As an encore, I think this is a watershed moment for San Antonio, many would say a sad moment.  The fundamental pricing of bringing a lot to market has jumped up recently and it is more likely to stay the same or rise even higher than it is to drop back down.  If this is true, it would mark the end of San Antonio’s traditional price point, the price point of my first home, the home my boys grew up in.  On that note, I let Jimmy Buffett take us home: “It’s been a lovely cruise.” Too bad it has to end.  If that’s the case, I think I’ll join Mr. Thorogood on the deck for “One bourbon, one scotch, and one beer…”

First Time Buyers and New Home Demand: Reverting to Normal

Posted in National Housing Market | Posted on 07-10-2014 | Written by Brad Hunter

brad hOur forecast of rising new home demand is founded on a reversion to long-standing typical behavior patterns.

One of these relates to the “doubling-up” of households during and after the recession.  We are seeing some evidence that young people who had moved in with their parents or relatives are now finding the means and the motivation to move out and get their own place.

The Current Population Survey for 2013 showed a DROP in the percentage of 20-somethings living with parents.  (This was the first decline since 2005, back when the speculative foundations of the housing market started to crumble).  The decline may seem tiny when you look only at the percentages:  the percentage of people in the group aged 18-24 living with parents or a related subgroup fell from 56% to 55% in one year.  One should bear in mind that the magnitudes associated with these percentages are huge. The one-percentage-point decline amounts to 300,000 people who are now looking for a place of their own who were previously living in their parents’ house.

More improvement can be expected.  A recent study by the Harvard Joint Center on Housing shows that last year 2.1 million more people between in their 20s lived with their parents than would have typically been the case (based on normal headship rates).  As these people (not to mention the 300,000 people in their 30s living at ‘home’) leave the nest, often for the second time, there will be more demand for housing.  The Harvard study concludes that 2.7 million more households will form among people in their 30s over the next decade.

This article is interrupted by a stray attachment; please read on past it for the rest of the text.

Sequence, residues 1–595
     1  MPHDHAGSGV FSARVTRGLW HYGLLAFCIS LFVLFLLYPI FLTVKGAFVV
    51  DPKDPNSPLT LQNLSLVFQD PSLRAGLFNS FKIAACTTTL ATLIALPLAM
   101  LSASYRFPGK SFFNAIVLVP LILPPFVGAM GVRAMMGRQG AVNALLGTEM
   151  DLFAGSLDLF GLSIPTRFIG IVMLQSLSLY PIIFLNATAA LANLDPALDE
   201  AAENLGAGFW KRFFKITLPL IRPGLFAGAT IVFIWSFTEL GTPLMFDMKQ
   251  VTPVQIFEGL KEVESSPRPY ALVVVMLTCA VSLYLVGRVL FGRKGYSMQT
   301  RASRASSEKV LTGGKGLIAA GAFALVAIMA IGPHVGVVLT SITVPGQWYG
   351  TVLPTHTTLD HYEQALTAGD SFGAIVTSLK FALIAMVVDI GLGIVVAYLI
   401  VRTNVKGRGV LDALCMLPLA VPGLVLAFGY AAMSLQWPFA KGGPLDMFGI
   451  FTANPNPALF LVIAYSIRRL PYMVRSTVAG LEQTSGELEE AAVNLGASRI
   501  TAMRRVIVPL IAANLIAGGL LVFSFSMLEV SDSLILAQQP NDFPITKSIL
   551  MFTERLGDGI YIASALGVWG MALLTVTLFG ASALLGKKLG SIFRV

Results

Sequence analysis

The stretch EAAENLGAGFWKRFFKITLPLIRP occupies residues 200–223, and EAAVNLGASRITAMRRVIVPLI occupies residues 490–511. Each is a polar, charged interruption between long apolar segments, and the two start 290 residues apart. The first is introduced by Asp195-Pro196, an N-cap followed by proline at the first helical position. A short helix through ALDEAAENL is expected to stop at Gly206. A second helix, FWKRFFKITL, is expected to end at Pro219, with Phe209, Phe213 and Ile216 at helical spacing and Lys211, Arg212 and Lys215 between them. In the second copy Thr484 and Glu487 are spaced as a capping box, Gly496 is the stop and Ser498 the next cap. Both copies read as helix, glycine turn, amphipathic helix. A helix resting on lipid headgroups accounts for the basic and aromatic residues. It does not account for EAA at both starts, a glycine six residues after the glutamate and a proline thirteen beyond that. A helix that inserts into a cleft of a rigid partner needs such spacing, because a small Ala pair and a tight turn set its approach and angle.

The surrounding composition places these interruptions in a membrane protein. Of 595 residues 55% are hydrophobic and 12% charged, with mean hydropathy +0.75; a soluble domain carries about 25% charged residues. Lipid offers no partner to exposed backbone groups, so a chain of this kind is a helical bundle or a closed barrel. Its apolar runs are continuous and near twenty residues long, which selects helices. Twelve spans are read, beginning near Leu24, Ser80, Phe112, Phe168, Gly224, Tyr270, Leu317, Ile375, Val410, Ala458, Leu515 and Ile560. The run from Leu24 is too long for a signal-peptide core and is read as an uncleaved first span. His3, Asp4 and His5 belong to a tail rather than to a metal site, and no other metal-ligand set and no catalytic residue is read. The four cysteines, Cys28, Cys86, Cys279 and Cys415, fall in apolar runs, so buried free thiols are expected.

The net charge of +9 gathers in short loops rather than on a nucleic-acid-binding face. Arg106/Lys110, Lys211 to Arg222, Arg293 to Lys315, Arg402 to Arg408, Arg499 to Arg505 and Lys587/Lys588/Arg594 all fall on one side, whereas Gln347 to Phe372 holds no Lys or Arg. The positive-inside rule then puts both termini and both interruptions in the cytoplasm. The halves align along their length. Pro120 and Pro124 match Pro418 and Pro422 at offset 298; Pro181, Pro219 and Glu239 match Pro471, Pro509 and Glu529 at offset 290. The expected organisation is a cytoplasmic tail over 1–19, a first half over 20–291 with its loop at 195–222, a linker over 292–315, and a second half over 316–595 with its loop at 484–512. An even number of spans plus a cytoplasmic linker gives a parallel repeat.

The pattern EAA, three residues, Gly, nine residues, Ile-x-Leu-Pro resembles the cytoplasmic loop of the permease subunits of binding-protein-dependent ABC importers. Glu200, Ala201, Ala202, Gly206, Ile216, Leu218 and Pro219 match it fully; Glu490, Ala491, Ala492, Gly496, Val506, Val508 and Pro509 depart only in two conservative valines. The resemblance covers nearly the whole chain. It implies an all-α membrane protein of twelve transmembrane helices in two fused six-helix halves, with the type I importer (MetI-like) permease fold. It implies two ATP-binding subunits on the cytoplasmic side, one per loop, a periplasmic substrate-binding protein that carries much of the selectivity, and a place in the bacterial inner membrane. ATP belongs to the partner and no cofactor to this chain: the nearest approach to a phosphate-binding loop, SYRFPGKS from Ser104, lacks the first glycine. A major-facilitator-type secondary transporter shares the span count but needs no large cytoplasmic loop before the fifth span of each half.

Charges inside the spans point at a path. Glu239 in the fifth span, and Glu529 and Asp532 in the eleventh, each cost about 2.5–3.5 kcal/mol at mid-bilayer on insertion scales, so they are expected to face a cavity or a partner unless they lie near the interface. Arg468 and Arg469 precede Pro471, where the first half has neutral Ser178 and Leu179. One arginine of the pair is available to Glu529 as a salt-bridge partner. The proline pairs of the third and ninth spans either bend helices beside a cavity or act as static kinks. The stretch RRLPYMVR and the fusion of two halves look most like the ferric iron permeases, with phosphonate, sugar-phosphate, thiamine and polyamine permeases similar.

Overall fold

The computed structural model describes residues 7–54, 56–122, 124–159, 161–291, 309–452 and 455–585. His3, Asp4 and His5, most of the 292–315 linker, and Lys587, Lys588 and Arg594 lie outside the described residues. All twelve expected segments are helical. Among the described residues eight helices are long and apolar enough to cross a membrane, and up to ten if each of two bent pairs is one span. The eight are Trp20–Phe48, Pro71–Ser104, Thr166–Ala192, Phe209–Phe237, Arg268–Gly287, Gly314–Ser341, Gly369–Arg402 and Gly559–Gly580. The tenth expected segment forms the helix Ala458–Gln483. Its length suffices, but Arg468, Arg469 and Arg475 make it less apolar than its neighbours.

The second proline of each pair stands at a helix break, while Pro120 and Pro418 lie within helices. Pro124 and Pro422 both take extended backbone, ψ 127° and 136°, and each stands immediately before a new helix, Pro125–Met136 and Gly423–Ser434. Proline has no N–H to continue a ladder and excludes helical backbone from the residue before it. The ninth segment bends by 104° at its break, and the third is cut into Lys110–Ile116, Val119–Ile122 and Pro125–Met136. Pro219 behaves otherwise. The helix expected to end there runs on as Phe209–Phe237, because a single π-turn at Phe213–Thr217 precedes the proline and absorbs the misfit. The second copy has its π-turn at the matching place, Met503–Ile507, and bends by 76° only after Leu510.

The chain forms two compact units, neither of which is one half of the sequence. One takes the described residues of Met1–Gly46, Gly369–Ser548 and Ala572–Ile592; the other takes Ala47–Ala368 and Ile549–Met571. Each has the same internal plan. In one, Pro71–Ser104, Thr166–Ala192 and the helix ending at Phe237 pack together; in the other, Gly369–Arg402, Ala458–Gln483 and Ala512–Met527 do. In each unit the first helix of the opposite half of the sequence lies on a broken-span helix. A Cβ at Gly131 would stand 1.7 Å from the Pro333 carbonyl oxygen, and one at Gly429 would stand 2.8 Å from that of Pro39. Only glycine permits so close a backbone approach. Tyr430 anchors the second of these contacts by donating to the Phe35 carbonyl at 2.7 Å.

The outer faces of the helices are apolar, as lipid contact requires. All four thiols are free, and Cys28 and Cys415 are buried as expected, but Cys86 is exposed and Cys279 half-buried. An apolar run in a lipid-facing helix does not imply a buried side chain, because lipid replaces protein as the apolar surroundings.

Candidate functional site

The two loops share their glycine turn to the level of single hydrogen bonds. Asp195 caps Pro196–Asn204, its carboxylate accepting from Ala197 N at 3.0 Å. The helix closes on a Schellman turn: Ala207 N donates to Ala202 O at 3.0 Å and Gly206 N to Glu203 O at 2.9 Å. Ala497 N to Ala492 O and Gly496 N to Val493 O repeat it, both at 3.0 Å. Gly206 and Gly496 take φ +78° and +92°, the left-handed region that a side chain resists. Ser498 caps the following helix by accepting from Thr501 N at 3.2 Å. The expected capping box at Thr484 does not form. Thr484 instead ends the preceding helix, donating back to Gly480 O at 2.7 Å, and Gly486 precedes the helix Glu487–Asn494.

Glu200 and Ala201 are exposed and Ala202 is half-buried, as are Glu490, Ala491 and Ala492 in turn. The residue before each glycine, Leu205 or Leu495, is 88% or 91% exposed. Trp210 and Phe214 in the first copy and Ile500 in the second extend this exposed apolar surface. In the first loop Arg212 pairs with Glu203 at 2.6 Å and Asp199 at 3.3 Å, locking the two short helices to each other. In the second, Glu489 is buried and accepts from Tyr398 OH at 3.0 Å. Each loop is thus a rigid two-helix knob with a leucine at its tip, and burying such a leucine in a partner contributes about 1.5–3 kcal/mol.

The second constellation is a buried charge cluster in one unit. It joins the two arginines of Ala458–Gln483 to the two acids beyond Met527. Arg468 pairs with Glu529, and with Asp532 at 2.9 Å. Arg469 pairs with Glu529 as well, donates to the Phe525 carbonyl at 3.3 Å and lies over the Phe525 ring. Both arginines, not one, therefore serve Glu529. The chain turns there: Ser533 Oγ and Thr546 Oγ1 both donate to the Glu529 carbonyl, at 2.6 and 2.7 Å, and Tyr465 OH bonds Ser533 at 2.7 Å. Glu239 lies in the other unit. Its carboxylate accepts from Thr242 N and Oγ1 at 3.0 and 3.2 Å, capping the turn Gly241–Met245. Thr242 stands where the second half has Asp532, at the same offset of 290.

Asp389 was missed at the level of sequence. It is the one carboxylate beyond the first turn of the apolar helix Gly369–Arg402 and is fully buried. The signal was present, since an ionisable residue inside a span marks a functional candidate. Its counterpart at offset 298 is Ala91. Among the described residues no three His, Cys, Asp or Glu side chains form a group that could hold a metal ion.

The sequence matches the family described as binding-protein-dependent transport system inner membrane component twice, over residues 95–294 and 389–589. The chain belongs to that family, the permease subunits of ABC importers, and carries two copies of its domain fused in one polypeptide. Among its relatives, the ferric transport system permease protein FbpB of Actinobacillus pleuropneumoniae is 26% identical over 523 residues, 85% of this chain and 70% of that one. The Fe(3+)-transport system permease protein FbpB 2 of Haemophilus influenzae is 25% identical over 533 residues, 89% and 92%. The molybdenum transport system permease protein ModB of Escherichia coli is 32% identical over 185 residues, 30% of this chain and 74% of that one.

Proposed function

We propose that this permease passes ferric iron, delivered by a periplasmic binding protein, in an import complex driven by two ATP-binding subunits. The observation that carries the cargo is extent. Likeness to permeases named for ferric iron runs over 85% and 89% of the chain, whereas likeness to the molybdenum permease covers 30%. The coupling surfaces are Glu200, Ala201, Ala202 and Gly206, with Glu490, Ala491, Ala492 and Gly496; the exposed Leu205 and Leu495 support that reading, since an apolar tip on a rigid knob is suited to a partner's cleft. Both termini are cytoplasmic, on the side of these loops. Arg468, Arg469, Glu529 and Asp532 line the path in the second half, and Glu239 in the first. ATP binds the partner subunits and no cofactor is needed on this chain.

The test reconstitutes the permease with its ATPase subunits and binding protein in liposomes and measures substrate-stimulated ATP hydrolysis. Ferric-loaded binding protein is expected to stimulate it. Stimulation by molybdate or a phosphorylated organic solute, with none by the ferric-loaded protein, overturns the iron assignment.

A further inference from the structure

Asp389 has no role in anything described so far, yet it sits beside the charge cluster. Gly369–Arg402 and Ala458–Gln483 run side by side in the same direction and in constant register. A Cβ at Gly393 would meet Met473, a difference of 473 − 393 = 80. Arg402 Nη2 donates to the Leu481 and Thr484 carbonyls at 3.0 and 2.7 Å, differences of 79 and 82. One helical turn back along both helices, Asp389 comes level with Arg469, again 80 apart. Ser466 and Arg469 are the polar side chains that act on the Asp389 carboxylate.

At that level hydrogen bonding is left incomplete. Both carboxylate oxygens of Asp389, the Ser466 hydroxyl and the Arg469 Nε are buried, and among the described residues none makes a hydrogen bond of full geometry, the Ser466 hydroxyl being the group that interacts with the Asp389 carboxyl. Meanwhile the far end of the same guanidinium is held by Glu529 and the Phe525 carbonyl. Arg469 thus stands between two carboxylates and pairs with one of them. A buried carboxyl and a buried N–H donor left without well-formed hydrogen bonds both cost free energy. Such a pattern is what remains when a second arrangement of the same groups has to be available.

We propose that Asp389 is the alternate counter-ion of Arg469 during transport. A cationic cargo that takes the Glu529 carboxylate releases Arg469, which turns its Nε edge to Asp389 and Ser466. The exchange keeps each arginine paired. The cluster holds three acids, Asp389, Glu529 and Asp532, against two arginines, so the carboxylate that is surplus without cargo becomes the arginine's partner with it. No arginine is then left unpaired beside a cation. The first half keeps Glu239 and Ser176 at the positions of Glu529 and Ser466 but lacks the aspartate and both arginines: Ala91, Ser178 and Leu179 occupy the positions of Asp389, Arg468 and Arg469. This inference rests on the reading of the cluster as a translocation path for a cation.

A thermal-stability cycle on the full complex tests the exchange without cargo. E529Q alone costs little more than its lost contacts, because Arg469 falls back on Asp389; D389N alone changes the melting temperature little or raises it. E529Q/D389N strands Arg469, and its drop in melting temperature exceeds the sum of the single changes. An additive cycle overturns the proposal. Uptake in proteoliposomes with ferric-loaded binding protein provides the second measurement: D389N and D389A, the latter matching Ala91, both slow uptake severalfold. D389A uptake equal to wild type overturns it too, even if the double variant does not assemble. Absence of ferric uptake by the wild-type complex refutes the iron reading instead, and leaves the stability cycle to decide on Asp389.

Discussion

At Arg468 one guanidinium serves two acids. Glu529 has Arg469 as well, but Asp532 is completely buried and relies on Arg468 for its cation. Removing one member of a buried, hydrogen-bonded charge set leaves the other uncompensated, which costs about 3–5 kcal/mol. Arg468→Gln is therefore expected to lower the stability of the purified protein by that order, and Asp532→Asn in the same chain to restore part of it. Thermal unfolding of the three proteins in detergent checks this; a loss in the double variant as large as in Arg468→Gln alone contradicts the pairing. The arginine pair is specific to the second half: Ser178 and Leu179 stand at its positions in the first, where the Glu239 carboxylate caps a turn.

First-time buyers are expected to become a larger part of the housing market over the next several years.  First-time home buyers typically comprise 40% of home buyers (long-term average), and during this stage of a housing recovery, the percentage would normally be 45% or higher.  Lately, their share has been in the 35% – 38% range.

The return to normal percentages as described above will help drive household formation rates back to normal levels.  Household formation rates typically average 1.4 million per year, but lately they have been running half this rate, or less (500,000-700,000).  During economic recoveries like this one, a rate closer to 1.7 million would be expected.  Even with mortgage-qualification issues and student loan debt, a very significant increase in new households in the years ahead is a sure thing.

The troubling question remains:  how many of these will be new-home buyers?  High student loan balances will continue to make mortgage qualification difficult for many, and high land prices keep many builders from catering to this group’s needs. These will continue to be impediments, despite some recent legislative help with student loans.

What is the net result?  While most of these newly-emerging twenty-somethings will be going into rentals, the movement out of the parental home is nonetheless expected to support a series of positive steps from rentals to entry-level re-sales to entry-level new homes, and on up the ladder.  It is conceivable that household formation rates will stay below normal levels as a result of the qualification challenges and other issues, but even at lower-than-normal rates, and lower rates of home ownership, there will be a meaningful increase in new home demand for each of the next few years.

Good Times Bad Times

Posted in Twin Cities Market | Posted on 07-08-2014 | Written by Ryan Jones

ryan jFor those of you out there who are fans of Led Zeppelin…  “In the days of my youth, I was told what it means to be a man, now I’ve reached that age, I’ve tried to do all those things the best I can. No matter how I try, I find my way into the same old jam.”